Medium to large tree: Common throughout the area.
Acer rubrum: red maple
Medium to large tree: Common throughout the area.
Acer saccharinum: silver maple or water maple
Large tree: Common along waterways and in low, wet areas.
Acer negundo: boxelder
Small to medium tree: Common along waterways.
Acer platanoides: sycamore maple
Medium tree: Rare, remaining from cultivation.

Hippocastanaceae

Buckeye Family

Aesculus octandra: yellow buckeye or sweet buckeye
Small to medium tree: Common throughout the area in open areas.

Rhamnaceae

Buckthorn Family

Ceanothus americanus: New Jersey tea
Shrub: Occasional in open woods.

Vitaceae

Grape Family

Parthenocissus quinquefolia: Virginia creeper or woodbine
Ground or climbing vine: Common throughout the area.
Vitis aeastivalis: summer grape
Climbing vine: Common throughout the area.
Vitis vulpina: frost grape or winter grape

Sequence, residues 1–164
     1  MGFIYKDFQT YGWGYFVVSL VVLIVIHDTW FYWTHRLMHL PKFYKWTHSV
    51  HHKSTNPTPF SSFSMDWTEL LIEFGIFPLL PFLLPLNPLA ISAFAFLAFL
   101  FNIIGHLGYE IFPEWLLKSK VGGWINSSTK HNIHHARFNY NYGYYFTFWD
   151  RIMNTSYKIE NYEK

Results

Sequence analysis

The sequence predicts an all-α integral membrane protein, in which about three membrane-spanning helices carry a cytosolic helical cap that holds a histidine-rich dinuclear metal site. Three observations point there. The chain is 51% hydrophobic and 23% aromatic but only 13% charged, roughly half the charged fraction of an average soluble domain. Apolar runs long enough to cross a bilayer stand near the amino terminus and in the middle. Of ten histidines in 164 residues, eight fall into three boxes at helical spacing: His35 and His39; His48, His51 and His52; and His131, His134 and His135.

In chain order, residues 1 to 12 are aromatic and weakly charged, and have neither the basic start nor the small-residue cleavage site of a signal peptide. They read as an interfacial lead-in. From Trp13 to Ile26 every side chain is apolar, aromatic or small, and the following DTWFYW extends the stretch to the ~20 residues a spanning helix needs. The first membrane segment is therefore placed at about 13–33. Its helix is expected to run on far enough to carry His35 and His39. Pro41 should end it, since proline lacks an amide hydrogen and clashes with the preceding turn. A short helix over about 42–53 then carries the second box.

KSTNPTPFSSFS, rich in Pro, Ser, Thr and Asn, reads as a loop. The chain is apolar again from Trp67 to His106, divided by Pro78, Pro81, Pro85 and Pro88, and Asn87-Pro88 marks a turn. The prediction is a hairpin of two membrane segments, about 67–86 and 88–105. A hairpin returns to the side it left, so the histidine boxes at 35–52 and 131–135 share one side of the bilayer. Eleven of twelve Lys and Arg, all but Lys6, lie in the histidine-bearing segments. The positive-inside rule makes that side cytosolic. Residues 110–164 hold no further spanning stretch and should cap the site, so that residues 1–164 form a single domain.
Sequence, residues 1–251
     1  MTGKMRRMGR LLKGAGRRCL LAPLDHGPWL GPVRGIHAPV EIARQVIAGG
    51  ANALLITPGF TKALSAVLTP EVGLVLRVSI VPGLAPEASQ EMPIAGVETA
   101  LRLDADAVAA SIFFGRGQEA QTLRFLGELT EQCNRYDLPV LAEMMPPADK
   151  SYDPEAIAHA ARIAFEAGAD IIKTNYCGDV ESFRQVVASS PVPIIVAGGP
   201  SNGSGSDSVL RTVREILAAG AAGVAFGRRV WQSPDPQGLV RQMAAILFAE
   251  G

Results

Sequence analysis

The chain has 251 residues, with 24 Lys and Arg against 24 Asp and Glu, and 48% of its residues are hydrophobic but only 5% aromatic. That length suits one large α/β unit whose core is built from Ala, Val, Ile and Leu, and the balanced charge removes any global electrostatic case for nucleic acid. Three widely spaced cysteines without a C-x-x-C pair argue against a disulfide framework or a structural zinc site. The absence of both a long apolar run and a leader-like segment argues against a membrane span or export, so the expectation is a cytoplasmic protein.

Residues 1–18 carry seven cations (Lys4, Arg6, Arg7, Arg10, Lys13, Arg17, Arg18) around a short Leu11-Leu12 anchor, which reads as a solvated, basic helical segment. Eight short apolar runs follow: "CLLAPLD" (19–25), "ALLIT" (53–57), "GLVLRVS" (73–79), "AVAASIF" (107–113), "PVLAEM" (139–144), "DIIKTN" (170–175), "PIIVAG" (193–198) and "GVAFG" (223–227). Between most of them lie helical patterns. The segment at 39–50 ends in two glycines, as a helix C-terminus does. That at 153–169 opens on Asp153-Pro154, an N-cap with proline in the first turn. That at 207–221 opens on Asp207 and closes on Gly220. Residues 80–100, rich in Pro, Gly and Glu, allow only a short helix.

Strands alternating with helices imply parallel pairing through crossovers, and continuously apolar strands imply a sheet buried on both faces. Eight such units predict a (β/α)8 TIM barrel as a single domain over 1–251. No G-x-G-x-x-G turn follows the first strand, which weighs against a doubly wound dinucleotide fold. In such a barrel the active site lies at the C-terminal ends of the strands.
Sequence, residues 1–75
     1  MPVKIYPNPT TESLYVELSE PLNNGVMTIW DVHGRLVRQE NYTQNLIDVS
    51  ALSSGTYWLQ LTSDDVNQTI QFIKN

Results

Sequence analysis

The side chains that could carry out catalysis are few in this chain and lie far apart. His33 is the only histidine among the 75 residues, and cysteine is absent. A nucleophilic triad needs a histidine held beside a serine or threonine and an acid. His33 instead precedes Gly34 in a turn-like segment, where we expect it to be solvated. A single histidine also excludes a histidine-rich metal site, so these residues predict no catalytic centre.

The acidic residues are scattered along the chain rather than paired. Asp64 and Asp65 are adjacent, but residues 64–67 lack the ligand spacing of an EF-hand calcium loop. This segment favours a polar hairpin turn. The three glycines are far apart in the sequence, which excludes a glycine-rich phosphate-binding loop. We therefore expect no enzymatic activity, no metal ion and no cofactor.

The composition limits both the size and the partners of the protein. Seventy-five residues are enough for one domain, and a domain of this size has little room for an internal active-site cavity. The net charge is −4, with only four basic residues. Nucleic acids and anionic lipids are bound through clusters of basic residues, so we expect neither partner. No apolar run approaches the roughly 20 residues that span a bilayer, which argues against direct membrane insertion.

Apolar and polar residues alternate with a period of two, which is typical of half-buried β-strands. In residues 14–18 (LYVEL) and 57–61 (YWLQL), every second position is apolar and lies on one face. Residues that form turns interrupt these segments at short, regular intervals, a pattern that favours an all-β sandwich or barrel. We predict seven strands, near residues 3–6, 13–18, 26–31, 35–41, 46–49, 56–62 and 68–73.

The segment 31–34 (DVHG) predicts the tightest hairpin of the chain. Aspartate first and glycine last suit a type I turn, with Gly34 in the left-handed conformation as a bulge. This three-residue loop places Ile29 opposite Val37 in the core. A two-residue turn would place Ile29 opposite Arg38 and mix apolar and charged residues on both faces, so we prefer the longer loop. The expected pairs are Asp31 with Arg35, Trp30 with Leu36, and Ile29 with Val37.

Climbing vine: Common throughout the area.

Tiliaceae

Linden Family

Tilia americana: basswood
Large tree: Frequent in moist forests and near waterways.

Malvaceae

Mallow Family

Hibiscus syriacus: rose of Sharon or rose of Althea
Shrub: Occasional, escaped or remaining from cultivation.
Hibiscus species(?): wild hibiscus
Shrub: Occasional, in wet areas.

Thymelaeaceae

Mezereum Family

Dirca palustris: leatherwood
Shrub: Rare, in high but moist woods.

Nyssaceae

Tupelo Family

Nyssa sylvatica: black gum, tupelo, sour gum or pepperridge
Medium tree: Frequent, in a variety of woodland types.

Cornaceae

Dogwood Family

Cornus florida: flowering dogwood
Small tree: Common throughout the area.
Cornus alternifolia: alternate-leaf dogwood or green osier
Shrub or small tree: Rare, along waterways.

Ericaceae

Heath Family

Kalmia latifolia: mountain laurel
Shrub or large shrub: Frequent on upland slopes and on rock shelves in acid soil.